Republican Opinion.

In late March 2016, 52 percent of Republicans opposed the party trying to prevent Donald Trump from getting the nomination, while 36 percent favored such an effort.[1]  A week later, a majority (54 percent) of Republican and Republican-leaning voters thought that Trump should get the Republican nomination if he gets the majority of delegates—even if he doesn’t get the required number of delegates.  Again, about a third of Republican and Republican-leaning voters want someone else—anyone else, even Ted Cruz—to get the nomination.[2]

In early March 2016, a clear majority (58 percent) of Americans thought that the Senate should vote on a Supreme Court nominee to replace the late Antonin Scalia.  Slightly more than a third (38 percent) opposed even holding hearings, let alone voting.  That left only 4 percent of Americans who are undecided.  However, two-thirds of Republicans opposed holding hearings or voting until after the presidential election.[3]  (Still, that means that one-third of Republicans disagree.  By late March 2016, opinion had shifted slightly   The great majority (61 percent) of Americans think that the Senate should hold hearings on President Obama’s nominee.[4]  Only about a third (36 percent) thinks that the seat should remain vacant until after the next presidential election.

What do Americans think about the proposal from Senator Ted Cruz that the police patrol “Muslim neighborhoods”?[5]  They are pretty much evenly divided: 45 percent agree with Cruz; 40 percent disagree; and 15 percent don’t know.   The party positions are markedly different, however: 75 percent of Republicans agree; while “only” 57 percent of Democrats agree; and 37 percent of Independents agree.[6]

What might these numbers indicate?  First, Trump has been winning an average of 39 percent of the Republican vote in the primaries, but 54 percent think that he should get the nomination if he has the most delegates.  So, people who don’t want Trump, still think that he should get the nomination if he wins the most delegates.  Most Republicans believe that the Senate should go ahead and vote on the Supreme Court nominee, regardless of what Mitch McConnell says.  The Constitution says that the President shall nominate and the Senate shall advise and consent [or reject] the nominee.  So, a bunch of Republicans think that the Constitution trumps what Mitch McConnell wants to do.  That doesn’t mean that they want conservative predominance on the Supreme Court lost.  It just means that they want the proprieties observed.[7])  In short, the spirit of fair play is not dead among Republicans.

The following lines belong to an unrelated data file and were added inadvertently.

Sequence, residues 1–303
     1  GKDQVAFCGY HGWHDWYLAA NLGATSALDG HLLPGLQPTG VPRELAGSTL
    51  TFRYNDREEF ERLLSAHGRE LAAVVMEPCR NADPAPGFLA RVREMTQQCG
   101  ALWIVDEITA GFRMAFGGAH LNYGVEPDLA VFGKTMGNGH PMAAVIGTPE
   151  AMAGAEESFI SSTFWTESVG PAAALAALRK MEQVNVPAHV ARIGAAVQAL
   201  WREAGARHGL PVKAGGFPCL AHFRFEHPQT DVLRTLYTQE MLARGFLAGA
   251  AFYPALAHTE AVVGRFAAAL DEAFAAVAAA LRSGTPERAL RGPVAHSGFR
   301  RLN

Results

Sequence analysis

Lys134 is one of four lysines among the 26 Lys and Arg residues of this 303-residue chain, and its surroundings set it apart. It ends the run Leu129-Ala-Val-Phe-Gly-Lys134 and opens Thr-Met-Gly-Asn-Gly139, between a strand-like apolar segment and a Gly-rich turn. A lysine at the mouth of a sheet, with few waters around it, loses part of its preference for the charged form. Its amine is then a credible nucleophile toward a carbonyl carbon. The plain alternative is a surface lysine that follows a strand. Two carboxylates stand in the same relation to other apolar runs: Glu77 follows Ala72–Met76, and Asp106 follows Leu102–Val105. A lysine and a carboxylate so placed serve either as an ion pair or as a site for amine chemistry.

Second, Donald Trump isn’t the only candidate pushing anti-Muslimism.  Moreover, this is an issue that resonates with a majority (54 percent) of Democrats.  To the extent that Hillary Clinton (and the less likely nominee Bernie Sanders) rejects such policies, this may cost them votes.  “Reagan” Democrats aren’t likely to buy into Cruz’s social views.  They might well feel drawn to Trump.

Finally, under the heading of false data as news: Donald Trump’s supporters are almost twice as likely (99 percent) to film themselves having sex than are Hillary Clinton’s supporters.  However, most Clinton supporters are older Americans and predominantly women.  What 60 year-old person is a) going to film themselves having sex, or b) watch it afterward?  None, that’s who.  Unless, you know, there are a lot of Clinton supporters who like watching all that cottage cheese swaying around in poor lighting.  Yuck.  So, really, the Trump supporters aren’t significantly more depraved (at least in this area) than are the Clinton people.[8]  It just makes for a good headline.  Are people really surprised that no one pays attention to the “news” anymore?

[1] “Poll Watch,” The Week, 1 April 2016, p. 17.

[2] “Poll Watch,” The Week, 8 April 2016, p. 17.

[3] “Poll Watch,” The Week, 4 March 2016, p. 19.

[4] “Poll Watch,” The Week, 1 April 2016, p. 17.

[5] Discretely hang out in the hallal section in the Shop-Rite at the corner of Rte. 309 and Cheltenham Avenue, keep track of who—other than me—is buying goat.

[6] “Poll Watch,” The Week, 8 April 2016, p. 17.

[7] The whole issue of how the courts and especially the Supreme Court came to be so politicized bears further investigation.

[8] “Noted,” The Week, 19 February 2016, p. 18.

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